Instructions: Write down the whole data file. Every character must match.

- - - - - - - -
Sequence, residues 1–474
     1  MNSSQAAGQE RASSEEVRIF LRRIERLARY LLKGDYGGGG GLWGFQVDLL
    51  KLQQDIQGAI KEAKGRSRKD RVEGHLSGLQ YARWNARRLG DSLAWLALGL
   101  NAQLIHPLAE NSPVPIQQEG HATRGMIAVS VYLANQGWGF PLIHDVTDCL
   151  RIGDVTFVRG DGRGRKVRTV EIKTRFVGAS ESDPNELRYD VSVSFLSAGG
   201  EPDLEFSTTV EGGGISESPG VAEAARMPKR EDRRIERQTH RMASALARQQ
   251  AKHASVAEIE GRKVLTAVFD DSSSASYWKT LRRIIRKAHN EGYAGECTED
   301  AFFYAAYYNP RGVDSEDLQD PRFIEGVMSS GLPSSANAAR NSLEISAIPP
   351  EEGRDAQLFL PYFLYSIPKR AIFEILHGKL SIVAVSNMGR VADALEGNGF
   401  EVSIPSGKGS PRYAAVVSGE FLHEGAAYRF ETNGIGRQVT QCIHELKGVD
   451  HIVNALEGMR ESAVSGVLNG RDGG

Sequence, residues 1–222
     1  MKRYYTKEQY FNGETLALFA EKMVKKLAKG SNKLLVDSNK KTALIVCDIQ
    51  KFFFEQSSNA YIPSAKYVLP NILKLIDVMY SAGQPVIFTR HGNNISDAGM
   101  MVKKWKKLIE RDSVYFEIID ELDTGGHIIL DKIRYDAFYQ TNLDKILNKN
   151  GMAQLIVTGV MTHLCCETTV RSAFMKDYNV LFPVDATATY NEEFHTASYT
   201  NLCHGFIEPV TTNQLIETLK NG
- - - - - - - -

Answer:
Sequence, residues 1–474
     1  MNSSQAAGQE RASSEEVRIF LRRIERLARY LLKGDYGGGG GLWGFQVDLL
    51  KLQQDIQGAI KEAKGRSRKD RVEGHLSGLQ YARWNARRLG DSLAWLALGL
   101  NAQLIHPLAE NSPVPIQQEG HATRGMIAVS VYLANQGWGF PLIHDVTDCL
   151  RIGDVTFVRG DGRGRKVRTV EIKTRFVGAS ESDPNELRYD VSVSFLSAGG
   201  EPDLEFSTTV EGGGISESPG VAEAARMPKR EDRRIERQTH RMASALARQQ
   251  AKHASVAEIE GRKVLTAVFD DSSSASYWKT LRRIIRKAHN EGYAGECTED
   301  AFFYAAYYNP RGVDSEDLQD PRFIEGVMSS GLPSSANAAR NSLEISAIPP
   351  EEGRDAQLFL PYFLYSIPKR AIFEILHGKL SIVAVSNMGR VADALEGNGF
   401  EVSIPSGKGS PRYAAVVSGE FLHEGAAYRF ETNGIGRQVT QCIHELKGVD
   451  HIVNALEGMR ESAVSGVLNG RDGG

Sequence, residues 1–222
     1  MKRYYTKEQY FNGETLALFA EKMVKKLAKG SNKLLVDSNK KTALIVCDIQ
    51  KFFFEQSSNA YIPSAKYVLP NILKLIDVMY SAGQPVIFTR HGNNISDAGM
   101  MVKKWKKLIE RDSVYFEIID ELDTGGHIIL DKIRYDAFYQ TNLDKILNKN
   151  GMAQLIVTGV MTHLCCETTV RSAFMKDYNV LFPVDATATY NEEFHTASYT
   201  NLCHGFIEPV TTNQLIETLK NG